Often, only a few of these symptoms will be present. The first sign is often weight loss since the pain from the condition causes the chinchilla to eat less or not at all. Frequent pawing at the mouth, tooth grinding, crumbling food and drooling are all symptoms of tooth related pain. Watery eyes can occur and are caused by the roots of the upper jaw growing upward towards the eye socket and blocking the tear ducts. Chinchillas are prey animals and because of this, hide illness and injury until it is often too late to help them. As mentioned previously, weight loss is often the first indication that something is wrong with the chinchilla. For this reason, it is a wise idea to weigh chinchillas on a weekly basis and keep a record of the chinchilla’s weight. This can make it possible to catch malocclusion in the early stages instead of waiting until the animal has been suffering for months.

In order for the chinchilla to be properly checked for tooth problems, they need to have a full dental evaluation done while the chinchilla is under anesthesia. At this time, x-rays need be taken in order to obtain a full picture of what is going on. If x-rays are not done, it is impossible to know whether or not the roots are involved in the chinchilla’s dental issues. A quick exam of the mouth can not tell the veterinarian what is going on beyond the gum line.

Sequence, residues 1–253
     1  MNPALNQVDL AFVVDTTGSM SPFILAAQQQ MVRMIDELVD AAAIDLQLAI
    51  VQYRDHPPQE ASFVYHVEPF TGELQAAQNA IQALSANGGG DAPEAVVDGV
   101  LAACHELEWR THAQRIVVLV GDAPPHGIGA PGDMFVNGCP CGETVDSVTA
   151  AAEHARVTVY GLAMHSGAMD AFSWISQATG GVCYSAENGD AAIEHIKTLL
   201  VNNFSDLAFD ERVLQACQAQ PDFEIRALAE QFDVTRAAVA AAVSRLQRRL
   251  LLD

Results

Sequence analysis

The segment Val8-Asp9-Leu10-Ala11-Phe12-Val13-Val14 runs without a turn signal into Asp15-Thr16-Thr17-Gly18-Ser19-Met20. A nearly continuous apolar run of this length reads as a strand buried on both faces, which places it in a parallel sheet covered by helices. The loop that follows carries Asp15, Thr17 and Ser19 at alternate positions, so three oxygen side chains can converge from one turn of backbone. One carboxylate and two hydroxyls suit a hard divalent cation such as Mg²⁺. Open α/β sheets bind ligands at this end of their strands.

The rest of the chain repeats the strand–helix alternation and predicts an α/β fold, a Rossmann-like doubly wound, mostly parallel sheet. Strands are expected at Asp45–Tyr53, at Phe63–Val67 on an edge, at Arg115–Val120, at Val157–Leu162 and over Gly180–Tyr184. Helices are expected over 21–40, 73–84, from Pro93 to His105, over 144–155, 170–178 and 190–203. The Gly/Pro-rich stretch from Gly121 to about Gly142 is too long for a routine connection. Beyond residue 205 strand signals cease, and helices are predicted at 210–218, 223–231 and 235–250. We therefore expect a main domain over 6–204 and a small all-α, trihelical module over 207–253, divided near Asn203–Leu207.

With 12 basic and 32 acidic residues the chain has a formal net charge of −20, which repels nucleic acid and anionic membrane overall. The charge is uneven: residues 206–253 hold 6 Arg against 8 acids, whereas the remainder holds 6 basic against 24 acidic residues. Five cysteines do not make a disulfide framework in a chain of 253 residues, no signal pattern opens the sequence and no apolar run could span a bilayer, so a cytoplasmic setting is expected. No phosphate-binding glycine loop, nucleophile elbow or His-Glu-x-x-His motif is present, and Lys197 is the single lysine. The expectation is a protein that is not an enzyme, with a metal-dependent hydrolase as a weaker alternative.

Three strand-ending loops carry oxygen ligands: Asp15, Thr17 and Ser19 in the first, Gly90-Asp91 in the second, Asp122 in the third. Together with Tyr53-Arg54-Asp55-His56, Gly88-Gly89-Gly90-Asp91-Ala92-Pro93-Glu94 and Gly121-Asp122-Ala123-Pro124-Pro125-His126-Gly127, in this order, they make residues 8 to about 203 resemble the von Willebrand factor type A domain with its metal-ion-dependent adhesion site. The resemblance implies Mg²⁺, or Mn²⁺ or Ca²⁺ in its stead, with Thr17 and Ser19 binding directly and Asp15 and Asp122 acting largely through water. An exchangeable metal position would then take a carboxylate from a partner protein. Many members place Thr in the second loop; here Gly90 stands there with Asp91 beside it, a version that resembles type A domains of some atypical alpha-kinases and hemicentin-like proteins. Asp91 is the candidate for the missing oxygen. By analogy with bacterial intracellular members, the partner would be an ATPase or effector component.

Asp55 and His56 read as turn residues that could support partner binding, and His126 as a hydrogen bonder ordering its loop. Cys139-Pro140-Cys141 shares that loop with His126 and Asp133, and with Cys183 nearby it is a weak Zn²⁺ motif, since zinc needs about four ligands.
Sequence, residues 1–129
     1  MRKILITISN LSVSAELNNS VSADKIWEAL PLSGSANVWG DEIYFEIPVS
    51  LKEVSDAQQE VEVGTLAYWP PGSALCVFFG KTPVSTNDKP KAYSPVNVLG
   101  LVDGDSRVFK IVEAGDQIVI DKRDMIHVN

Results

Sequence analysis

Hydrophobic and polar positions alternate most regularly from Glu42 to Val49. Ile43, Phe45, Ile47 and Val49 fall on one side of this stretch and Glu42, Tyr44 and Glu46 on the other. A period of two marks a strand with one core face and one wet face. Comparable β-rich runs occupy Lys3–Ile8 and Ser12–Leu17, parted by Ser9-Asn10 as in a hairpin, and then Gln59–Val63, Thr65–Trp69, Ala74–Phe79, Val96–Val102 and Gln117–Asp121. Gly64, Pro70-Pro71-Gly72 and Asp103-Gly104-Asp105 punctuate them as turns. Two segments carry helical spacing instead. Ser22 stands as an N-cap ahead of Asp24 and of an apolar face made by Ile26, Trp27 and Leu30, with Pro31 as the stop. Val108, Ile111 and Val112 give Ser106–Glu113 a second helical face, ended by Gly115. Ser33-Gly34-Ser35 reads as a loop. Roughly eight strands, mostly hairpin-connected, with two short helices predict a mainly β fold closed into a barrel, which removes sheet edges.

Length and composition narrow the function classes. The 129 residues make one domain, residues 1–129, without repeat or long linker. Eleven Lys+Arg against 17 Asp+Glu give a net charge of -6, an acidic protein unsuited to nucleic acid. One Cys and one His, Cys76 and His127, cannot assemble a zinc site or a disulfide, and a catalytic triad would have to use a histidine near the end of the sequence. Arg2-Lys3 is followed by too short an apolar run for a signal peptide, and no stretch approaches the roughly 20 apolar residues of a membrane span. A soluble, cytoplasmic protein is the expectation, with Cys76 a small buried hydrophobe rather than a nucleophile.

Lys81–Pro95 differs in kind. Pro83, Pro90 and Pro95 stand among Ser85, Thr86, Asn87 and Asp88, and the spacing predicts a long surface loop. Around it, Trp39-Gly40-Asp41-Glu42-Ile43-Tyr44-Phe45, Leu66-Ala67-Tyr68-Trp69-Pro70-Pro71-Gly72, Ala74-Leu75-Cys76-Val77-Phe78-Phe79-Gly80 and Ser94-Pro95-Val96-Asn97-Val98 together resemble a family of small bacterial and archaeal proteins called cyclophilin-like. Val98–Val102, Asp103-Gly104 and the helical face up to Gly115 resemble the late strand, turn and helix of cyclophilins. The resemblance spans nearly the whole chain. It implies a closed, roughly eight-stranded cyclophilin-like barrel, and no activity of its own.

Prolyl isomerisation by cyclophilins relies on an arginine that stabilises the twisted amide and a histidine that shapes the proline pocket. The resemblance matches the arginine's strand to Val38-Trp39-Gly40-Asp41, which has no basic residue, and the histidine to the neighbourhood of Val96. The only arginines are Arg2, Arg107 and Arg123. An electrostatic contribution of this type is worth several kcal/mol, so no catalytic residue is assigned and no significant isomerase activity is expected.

Below are x-rays of both a normal chinchilla and a chinchilla with malocclusion.

As can be seen, there is a major difference between the chinchilla with normal teeth and the one with malocclusion. The normal x-ray shows teeth meeting in a straight line with little or no curving of either the teeth or the roots. There is no evidence of the roots growing outside of the jaw line.

The maloccluded x-ray shows overgrowth of both the roots and the crowns. There is no clear line where the upper and lower teeth meet. Also, the roots are growing both out of the lower jaw and into the eye sockets.

If the malocclusion is limited to overgrown crowns, points, or spurs, a veterinarian who has experience with chinchilla teeth can trim them while the chinchilla is under anesthesia. Chinchilla teeth should never be clipped, but should be ground down with a special tool. Clipping will crack the teeth and cause more problems. Sometimes, one treatment is all that is necessary. However, more often than not, the chinchilla will need to have the teeth trimmed repeatedly over a period of time and for the rest of its life. Each treatment requires anesthesia and a recovery period that often includes pain medications and forced feedings with a syringe several times a day. If frequent trimmings are necessary, it may be best to consider the chinchilla’s quality of life and possible euthanasia. Remember, there is no cure for malocclusion, only management of the symptoms.

For overgrown roots, there is no treatment, other than pain relief. This can help for a period of time, but eventually, the chinchilla will reach a point where there is no humane option other than euthanasia.

When is it time to say goodbye?
Malocclusion is an extremely painful condition. Pain management can help as can trimming the teeth when appropriate. Regardless of the form of malocclusion, there will come a time when the chinchilla spends too much time in pain and needs to be euthanized. A good guide to judge when the time has come is to ask whether or not the chinchilla is still enjoying the things that a happy chinchilla does. These items include eating, drinking, running, jumping, chewing, and bouncing around the cage. If the chinchilla is not participating in these activities, it is time to say goodbye. When chinchilla is spending a lot of time drugged, being force fed, or in pain, the only humane option is euthanasia.